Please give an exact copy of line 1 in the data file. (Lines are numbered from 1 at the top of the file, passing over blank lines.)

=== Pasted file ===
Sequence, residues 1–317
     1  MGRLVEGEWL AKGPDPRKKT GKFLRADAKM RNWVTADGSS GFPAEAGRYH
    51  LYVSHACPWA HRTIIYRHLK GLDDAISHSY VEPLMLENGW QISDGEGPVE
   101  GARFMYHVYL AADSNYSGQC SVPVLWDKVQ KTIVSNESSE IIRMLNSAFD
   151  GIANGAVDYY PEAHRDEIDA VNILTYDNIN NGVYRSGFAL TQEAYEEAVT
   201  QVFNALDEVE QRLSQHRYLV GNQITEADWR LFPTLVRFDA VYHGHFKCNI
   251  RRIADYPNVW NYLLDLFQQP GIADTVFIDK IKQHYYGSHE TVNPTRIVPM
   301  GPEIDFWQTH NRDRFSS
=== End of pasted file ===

Sequence, residues 1–317